Marty Burke, Darren McNally and Marty Donaghy were the survivors from the 1998 final defeat to Faughanvale. Below that, was a nucleus of players and the tools were there to give the championship a shake.

“What I remember was the mentality...in any championship game we just said they (opponents) aren't beating us,” Gavin stresses.

“It wasn't arrogance, Paul and Killian's man management got into boy's heads and put the belief into us that if we played anywhere near as well as we could, no team was going to get near us in that whole championship.

“We were letting ourselves down more than anything else,” Gavin points out of the seasons before 2005. “We would leave it behind us in the semi and quarter-final stages.”

Midfielder Willie Canning was 'on his last legs', but the lure of knowing the team had a championship in them prolonged his career.

“His attitude was rubbing off onto anybody that came near him,” Gavin adds. “Like any successful campaign, a lot of things came together that year. We were very lucky with injuries and we were able to keep a fairly consistent team.”

Against Ballerin and Drumsurn, in the earlier rounds, Claudy 'kept their noses in front' and set up a semi-final clash with Moneymore at Greenlough. As the game went into the melting pot, late on, Moneymore nosed themselves in front.

“Then, I got a free kick in the corner and put it over,” Gavin remembers of his equaliser. “We won the next kick-out and had a chance to win near the end, but Moneymore broke away and the referee blew for full-time.”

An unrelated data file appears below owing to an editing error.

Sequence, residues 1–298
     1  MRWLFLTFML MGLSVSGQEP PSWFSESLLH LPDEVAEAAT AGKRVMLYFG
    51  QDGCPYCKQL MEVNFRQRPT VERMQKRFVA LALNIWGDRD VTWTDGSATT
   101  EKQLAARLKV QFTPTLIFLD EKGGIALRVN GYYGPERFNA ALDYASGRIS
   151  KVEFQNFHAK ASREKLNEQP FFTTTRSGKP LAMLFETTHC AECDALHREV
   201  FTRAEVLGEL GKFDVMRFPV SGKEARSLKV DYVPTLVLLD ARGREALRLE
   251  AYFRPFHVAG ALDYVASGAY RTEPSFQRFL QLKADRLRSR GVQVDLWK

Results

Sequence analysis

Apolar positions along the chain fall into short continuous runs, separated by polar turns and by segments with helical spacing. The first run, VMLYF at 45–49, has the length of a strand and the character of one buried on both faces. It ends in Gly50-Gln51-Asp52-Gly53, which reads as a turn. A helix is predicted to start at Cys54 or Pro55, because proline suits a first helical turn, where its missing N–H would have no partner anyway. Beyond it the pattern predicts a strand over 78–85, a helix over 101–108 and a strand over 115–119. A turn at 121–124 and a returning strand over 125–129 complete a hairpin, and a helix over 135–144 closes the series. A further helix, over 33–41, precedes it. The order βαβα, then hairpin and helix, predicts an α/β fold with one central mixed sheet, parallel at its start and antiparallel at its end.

The replay was a different story. It was like 'chalk and cheese' as a more focused Claudy won by 'six or seven' points.

On the other side of the draw were an up and coming Coleraine team against Ballymaguigan, who Donaghy wanted to avoid in the final.

“Ballymaguigan always seemed to have one over on us around then. For whatever reason, we struggled to get past them,” he points out.

With their final spot booked, he was among the Claudy delegation in Ballinascreen running their eye over the other semi-final. Coleraine upset the odds and Ballymaguigan were gone, something Gavin saw as 'a good sign'. Conlan felt Claudy had every bit the talent of the Coleraine team that pushed on to lift two senior championships.

With regular goalkeeper Mark O'Neill away on holidays, converted outfield player Kienan McLaughlin was called in as backup for the final and didn't put a foot wrong. After going into an early lead, Claudy held on to win their first ever championship.

“I have been lucky enough to have been fairly successful on the teams I have played for, but winning that club championship was the highlight of them all to be honest,” Gavin says of their win.

Claudy was party central in the weeks after the game.

“We made up for the drinking bans and the effort we put in,” he jokes.

Marty Donaghy's torn hamstring limited his involvement in the Ulster championship to the last 10 minutes of a one-point first round defeat to Downpatrick. The partying also blunted their overall focus.